While playing in the minors, Crozier adopted the butterfly style of goaltending, which he would later use during his NHL career. This technique was popularized by Glenn Hall and was improved upon by Crozier. Initially, his minor league coaches tried to convince him to abandon this style, thinking that it would never succeed in the NHL. Crozier also added an element of acrobacy in his game.

Detroit Red Wings (1963–70)

The Black Hawks traded Crozier to the Detroit Red Wings in 1963. The young goaltender, turned full-time professional, spent the season in the minors with the St. Louis Braves in the EPHL and the Buffalo Bisons in the AHL. The majority of his time though was spent in St. Louis as he played 70 games for them. In 1963–64, he played 44 games with the Pittsburgh Hornets, Detroit's AHL affiliate. At the end of the season, Crozier earned numerous accolades, which included the Hap Holmes Memorial Award (fewest goals against), the Dudley "Red" Garrett Memorial Award (top rookie) and a spot on the league's Second All-Star Team. Crozier also made his NHL debut that same season. The Red Wings starting goaltender, Terry Sawchuk, was injured and Crozier was called up as a temporary replacement. Although Crozier played in only 15 games, he impressed management enough that they decided he was going to be their next starting goaltender. This led to Sawchuk being left unprotected by the Red Wings during the intraleague waiver draft in the off-season, and he was subsequently picked up by the Toronto Maple Leafs. This made Crozier the Red Wings' starting goaltender at the age of 22.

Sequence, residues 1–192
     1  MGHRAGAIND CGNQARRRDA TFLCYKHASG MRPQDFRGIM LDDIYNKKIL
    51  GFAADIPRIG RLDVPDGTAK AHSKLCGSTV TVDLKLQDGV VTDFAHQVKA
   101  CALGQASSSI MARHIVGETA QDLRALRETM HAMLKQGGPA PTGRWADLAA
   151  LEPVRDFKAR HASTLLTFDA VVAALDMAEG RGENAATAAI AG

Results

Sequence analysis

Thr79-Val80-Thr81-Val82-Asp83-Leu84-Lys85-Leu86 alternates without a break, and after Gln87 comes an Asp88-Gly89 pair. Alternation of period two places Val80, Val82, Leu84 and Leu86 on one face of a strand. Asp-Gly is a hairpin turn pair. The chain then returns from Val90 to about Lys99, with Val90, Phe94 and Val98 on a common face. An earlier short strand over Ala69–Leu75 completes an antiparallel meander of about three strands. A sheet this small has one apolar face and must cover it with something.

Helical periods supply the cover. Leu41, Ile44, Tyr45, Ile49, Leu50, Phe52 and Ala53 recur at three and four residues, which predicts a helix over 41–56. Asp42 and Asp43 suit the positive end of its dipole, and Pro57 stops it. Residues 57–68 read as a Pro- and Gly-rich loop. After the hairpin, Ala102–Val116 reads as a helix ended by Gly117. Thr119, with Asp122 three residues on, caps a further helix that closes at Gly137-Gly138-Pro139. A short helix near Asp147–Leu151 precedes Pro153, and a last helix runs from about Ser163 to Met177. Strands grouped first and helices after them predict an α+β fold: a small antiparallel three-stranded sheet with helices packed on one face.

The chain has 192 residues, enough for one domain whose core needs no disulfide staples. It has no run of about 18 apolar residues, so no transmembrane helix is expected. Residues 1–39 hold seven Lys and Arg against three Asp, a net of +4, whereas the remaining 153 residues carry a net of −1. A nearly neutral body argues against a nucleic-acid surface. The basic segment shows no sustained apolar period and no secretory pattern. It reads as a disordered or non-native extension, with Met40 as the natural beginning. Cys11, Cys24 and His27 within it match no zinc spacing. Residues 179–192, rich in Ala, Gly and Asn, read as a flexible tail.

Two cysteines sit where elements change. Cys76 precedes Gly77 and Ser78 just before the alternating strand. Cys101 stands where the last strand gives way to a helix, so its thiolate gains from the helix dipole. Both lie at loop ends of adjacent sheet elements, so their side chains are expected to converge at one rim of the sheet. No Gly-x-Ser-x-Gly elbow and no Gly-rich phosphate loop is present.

Crozier won the Calder Memorial Trophy in 1965.

During his rookie season, Crozier started all of his team's games, the last goalie to do so in the NHL. He also led the league in both wins and shutouts with 40 and 6 respectively. His 2.42 GAA was the second lowest in the league. At the end of the season, Crozier was awarded the Calder Memorial Trophy as the NHL's top rookie and he was also named to the NHL First All-Star Team. During his sophomore season, Crozier missed the team's first couple of games due to pancreatitis. He would return and play the team's remaining 64 games, posting 27 wins and leading the league with seven shutouts. The Red Wings were also able to clinch a spot in the playoffs. Benefiting from Crozier's strong play in the playoffs, the Red Wings advanced to the Stanley Cup Finals. After eliminating the Black Hawks in the semi-finals, the Red Wings squared off against the Montreal Canadiens in the 1966 Stanley Cup Finals. The Red Wings won the first two games, but the Canadiens came back and won the next two. During the game four loss, Crozier suffered a leg injury. Although Crozier returned for game five, the injury limited his mobility. In the end, the Canadiens won the Stanley Cup in game six. Even though the Red Wings lost the Stanley Cup, Crozier was awarded the Conn Smythe Trophy, which is awarded to the most valuable player in the playoffs. He became the first goaltender to win the award and also the first player to win it in a losing effort.

Due to pancreatitis, Crozier played only 58 out of 70 games for the Red Wings in 1966–67. His numbers were down as he won only 22 games and recorded a 3.35 GAA. The Red Wings missed the playoffs. After another bout of pancreatitis at the beginning of the 1967–68 season, Crozier announced his retirement due to stress and depression. His announcement was short-lived as after six weeks, he returned to hockey. Before re-joining the Red Wings, Crozier played five games with the Fort Worth Wings of the Central Professional Hockey League (CPHL) as conditioning. Crozier spent two more seasons on a mediocre Red Wings team before being traded to the newly formed Buffalo Sabres in 1970.